Self-driving mobility scooters now a reality in Singapore

ST VIDEO: ZHAKI ABDULLAH
The self-driving mobility scooter weighs about 50kg and has a top speed of 6kmh.
The self-driving mobility scooter weighs about 50kg and has a top speed of 6kmh.PHOTO: SMART
The self-driving mobility scooter weighs about 50kg and has a top speed of 6kmh.
The self-driving mobility scooter weighs about 50kg and has a top speed of 6kmh.PHOTO: SMART

SINGAPORE - You could soon book a self-driving mobility scooter to take you around Changi Airport and shopping malls here.

The brainchild of the Singapore-based Singapore-MIT Alliance for Research and Technology (Smart), the scooter was developed by a team of four over a period of two months beginning in February this year.

The personal mobility device, which weighs about 50kg and has a top speed of 6kmh, made its debut in April, at the Massachusetts Institute of Technology in the United States for the university's 100th anniversary.

The device can be used in both indoor and outdoor environments.


The self-driving mobility scooter weighs about 50kg and has a top speed of 6kmh. PHOTO: SMART

It slows down when it detects obstacles up to 2.5m in front of it and has a 0.2 second response time to such obstructions.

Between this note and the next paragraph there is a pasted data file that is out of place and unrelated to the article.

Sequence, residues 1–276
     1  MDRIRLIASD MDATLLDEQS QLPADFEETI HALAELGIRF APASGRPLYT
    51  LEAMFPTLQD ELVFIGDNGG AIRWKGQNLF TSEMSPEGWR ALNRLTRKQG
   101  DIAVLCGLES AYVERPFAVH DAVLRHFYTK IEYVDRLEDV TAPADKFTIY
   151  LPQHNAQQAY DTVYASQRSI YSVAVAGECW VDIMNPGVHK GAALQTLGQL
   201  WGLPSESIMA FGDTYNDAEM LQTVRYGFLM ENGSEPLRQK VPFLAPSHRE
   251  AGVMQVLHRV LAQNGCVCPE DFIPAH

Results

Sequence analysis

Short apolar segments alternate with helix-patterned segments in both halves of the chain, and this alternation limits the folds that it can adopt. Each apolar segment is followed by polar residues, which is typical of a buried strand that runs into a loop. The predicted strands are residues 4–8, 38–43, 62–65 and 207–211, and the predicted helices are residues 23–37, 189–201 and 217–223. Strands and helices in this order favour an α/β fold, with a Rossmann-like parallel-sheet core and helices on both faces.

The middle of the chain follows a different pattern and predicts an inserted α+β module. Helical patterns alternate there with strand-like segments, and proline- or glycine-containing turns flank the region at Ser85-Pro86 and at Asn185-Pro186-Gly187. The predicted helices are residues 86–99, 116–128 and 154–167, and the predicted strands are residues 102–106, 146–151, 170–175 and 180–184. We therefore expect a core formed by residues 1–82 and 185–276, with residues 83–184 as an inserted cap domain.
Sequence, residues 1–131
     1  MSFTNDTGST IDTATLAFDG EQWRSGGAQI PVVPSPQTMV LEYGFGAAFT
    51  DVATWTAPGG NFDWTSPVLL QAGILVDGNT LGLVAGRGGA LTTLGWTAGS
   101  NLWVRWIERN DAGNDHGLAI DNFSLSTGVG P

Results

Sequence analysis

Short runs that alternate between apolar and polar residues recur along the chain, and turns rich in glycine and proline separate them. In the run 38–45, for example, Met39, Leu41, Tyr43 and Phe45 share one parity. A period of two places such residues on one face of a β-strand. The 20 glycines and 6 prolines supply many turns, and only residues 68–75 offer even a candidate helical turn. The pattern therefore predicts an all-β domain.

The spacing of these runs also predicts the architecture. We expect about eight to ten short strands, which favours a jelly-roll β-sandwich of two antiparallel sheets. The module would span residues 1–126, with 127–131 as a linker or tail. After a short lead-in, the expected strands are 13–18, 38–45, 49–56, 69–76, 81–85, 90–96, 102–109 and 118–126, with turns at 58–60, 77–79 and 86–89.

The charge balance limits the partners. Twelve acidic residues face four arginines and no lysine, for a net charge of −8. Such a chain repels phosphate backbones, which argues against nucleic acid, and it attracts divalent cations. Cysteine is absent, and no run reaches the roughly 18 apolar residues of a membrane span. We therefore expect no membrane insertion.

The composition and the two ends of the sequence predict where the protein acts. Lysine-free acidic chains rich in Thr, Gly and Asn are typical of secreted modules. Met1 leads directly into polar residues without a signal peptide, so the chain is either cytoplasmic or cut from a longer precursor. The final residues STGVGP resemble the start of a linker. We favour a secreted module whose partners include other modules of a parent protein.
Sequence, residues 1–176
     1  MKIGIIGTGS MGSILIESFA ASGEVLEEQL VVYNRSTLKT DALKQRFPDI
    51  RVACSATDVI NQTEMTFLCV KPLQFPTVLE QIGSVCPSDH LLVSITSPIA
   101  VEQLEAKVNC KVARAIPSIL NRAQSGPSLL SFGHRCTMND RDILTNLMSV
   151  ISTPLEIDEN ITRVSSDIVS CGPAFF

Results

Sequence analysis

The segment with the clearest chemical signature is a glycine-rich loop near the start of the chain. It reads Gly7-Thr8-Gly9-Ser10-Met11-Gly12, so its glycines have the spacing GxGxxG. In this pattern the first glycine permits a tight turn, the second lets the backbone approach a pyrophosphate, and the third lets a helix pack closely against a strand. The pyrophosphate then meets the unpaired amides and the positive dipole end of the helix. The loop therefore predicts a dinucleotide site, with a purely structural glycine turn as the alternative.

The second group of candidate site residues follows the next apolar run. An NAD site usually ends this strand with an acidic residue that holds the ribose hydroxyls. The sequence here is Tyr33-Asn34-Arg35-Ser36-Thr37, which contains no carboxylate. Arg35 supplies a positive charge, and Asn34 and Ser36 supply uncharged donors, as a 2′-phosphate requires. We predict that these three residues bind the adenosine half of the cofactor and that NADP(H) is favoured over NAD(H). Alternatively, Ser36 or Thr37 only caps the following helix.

PHOTO: SMART

It is now being tested within the University Town area at the National University of Singapore (NUS). The team has also tested the scooter at several housing estates such as Sembawang and Queenstown.

Dr Marcelo Ang, co-principal investigator at Smart, said several organisations have expressed interest in the device.

He said that it could be used at shopping malls and airports, adding that the scooter would be the most beneficial to those who are visually-impaired as well as the elderly, who might not be so comfortable using existing scooters that have to be driven.

While it would now cost around $15,000 to retrofit an existing mobility scooter to be autonomous, Dr Ang forsees that the cost could drop to just "hundreds of dollars" once the technology becomes more widely available.

Dr Ang, who is also acting director of the Advanced Robotics Centre in NUS, said that the device could provide what he termed as a "last last-mile solution".

"It can provide seamless travel, you can book it to take you from your doorstep to a pick-up point where you can take a driverless car to a train station," he said.